The Independent Pricing and Regulatory Tribunal (IPART) has approved Bega Valley Shire Council’s application for a permanent Special Rate Variation (SRV) of 43.6% across two years.
The first general rate rise of 24% for 2023-24 would come into effect from July 1 this year while the 19.6% inrease would be introduced for 2024-25 from July 1 2024.
Bega Valley Mayor, Russell Fitzpatrick said Councillors would carefully consider the implications of the determination and assess whether to proceed with the SRV at the 28 June Council meeting.
“Of the 17 NSW councils that applied for an SRV, 14 received full approval after demonstrating that without additional funds, they would not be able to remain financially sustainable and deliver the services that their communities expect,” Cr Fitzpatrick said. “Three applications were partially approved.
Mayor Fitzpatrick said IPART’s assessment of special variation applications involves a thorough evaluation of Office for Local Government guidelines as well as the valuable input received from ratepayers.
“The criteria require councils to demonstrate the need for the additional revenue, provide evidence that the community is aware of the need for and extent of a rate rise, exhibit relevant planning documents, explain Council’s productivity and cost containment actions and plans, and establish that the impact on affected ratepayers is reasonable,” Mayor Fitzpatrick said.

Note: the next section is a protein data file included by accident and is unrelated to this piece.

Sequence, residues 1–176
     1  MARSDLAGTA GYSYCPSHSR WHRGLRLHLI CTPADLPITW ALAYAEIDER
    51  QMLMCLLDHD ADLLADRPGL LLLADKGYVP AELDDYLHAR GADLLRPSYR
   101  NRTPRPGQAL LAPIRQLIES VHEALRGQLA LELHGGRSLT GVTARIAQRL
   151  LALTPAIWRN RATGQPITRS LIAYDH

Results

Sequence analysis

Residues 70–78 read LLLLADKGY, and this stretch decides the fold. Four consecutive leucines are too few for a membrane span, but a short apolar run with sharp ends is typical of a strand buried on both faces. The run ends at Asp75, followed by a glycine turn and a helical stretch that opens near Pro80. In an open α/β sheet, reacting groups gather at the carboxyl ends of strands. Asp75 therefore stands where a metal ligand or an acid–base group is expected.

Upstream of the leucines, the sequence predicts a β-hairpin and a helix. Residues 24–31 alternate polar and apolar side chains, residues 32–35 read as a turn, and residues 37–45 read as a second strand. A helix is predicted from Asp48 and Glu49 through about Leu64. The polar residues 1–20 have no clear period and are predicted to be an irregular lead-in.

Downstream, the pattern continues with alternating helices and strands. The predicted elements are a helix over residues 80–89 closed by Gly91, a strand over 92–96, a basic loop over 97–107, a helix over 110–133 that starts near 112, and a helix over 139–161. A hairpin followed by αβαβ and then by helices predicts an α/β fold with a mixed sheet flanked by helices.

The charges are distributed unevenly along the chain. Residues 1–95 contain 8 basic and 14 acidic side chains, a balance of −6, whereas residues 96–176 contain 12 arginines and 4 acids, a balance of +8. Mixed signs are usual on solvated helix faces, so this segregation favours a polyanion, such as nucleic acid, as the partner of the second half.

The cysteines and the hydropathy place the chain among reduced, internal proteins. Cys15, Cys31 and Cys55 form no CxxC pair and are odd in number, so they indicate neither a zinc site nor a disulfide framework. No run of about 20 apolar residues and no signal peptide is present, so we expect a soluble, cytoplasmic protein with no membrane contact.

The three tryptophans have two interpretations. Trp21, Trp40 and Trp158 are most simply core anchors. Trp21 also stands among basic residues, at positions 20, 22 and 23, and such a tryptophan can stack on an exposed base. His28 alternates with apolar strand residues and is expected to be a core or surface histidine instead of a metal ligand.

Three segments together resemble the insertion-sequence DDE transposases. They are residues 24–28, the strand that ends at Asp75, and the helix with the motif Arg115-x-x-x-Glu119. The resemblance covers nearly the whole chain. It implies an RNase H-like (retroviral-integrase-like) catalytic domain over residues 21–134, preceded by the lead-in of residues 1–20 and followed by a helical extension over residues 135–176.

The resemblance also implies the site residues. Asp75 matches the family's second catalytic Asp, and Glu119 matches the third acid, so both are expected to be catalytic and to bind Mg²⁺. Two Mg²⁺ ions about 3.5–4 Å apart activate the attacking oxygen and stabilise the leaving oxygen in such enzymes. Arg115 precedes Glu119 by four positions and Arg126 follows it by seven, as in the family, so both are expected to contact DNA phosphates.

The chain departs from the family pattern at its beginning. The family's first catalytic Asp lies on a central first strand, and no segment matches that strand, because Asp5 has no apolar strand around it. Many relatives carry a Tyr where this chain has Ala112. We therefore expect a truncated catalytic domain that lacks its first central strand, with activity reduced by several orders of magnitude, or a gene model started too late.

“This rigorous process ensures a delicate balance between addressing community concerns and Council’s genuine need for increased revenue to enhance financial sustainability and service delivery,” he continued.
Should Councillors choose to proceed with the rate increase, it will be effective from July 1 of this year.
“The decision to implement the SRV reflects Council’s recognition of its responsibility to the community and future generations in maintaining financial viability,” Cr Fitzpatrick said.
Council CEO, Anthony McMahon, emphasized the need for additional funds to adequately maintain the shire’s infrastructure, including the upkeep of 1,400 kilometres of roads, public swimming pools, parks and playgrounds, public toilets, libraries and the airport.
“Council acknowledges the challenging nature of any rate increase for many community members, but we cannot stress enough the importance of bridging the expanding gap between income and expenses,” Mr McMahon said.
“We continue to actively work on reprioritising work plans, completing grant-funded projects and are committed to further reviewing asset and service priorities in future years to ensure future financial sustainability,” he said.
“Ratepayers are encouraged to assess the impact of the SRV on their respective properties by using the SRV calculator available on the Council’s website.
“We also urge those significantly affected by the rate increase to reach out at the earliest opportunity to discuss possible hardship assistance.”
The Snowy Monaro Council meanwhile had its application only partially approved with IPART allowing a 52.5% increase over four years.